• “General uncertainty regarding the U.S. Federal Reserve’s position on future interest rates and the current political environment is affecting consumer sentiment.” [Professional, Scientific & Technical Services]
  • “Continuing apprehension regarding construction contractors’ capacity and increasing price of projects. Often, bid prices are exceeding engineer and budget estimates.” [Public Administration]
  • “Slowdown in economy being felt.” [Retail Trade]
  • “In general, business has been steady. Hiring is slowing and prices are slightly climbing.” [Transportation & Warehousing]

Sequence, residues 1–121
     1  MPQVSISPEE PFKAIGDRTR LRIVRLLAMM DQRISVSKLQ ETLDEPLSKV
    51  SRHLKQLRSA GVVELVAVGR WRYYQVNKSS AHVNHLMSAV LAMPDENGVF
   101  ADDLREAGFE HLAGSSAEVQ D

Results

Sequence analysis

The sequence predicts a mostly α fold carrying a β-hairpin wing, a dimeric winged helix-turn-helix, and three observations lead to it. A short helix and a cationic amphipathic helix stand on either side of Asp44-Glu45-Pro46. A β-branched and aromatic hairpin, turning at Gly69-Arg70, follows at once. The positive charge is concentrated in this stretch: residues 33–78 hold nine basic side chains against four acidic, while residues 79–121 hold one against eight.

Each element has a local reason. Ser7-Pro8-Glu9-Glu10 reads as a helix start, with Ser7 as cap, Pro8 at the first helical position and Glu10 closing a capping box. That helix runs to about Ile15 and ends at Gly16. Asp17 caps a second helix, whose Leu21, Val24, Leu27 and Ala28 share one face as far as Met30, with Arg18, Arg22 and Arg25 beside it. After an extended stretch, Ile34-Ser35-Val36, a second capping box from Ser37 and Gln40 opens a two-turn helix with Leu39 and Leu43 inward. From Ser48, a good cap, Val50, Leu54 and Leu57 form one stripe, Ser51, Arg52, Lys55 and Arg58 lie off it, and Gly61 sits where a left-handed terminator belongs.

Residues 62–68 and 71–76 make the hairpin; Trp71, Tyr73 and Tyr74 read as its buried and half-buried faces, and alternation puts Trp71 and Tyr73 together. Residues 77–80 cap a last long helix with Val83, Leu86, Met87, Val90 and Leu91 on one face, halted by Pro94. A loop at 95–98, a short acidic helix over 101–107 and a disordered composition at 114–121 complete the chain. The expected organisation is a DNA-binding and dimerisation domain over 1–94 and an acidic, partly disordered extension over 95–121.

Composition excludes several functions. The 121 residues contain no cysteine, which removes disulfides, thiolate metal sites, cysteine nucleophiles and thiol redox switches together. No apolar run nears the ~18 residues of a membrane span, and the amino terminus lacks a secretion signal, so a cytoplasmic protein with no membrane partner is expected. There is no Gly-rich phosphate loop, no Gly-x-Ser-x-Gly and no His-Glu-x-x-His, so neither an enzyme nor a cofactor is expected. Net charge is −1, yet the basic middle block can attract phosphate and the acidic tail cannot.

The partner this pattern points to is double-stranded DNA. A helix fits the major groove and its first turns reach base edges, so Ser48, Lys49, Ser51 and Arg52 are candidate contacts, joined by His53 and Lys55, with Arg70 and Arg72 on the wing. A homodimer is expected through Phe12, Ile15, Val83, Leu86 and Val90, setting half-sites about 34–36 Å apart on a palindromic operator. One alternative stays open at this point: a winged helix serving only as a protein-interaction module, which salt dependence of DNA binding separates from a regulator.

• “We are making adjustments to our employment level, capital investing strategies, and managing borrowed debt to achieve our 2024 financial goals.” [Utilities]
  • “High food costs having an impact on customer demand and resulting in flat business overall. Business activity stable. Supplier costs continue to soften.” [Wholesale Trade]

In kneejerk response, US 2y yield is rising slightly 1bp after the data (I would expect a bigger move), EURUSD is down about 0.1%, while the USDJPY surged to 156.40, with the yen dropping as much as 1% against the dollar as the market is once again whiplashed in its rate cut expectations.

Tyler Durden Wed, 06/05/2024 - 10:24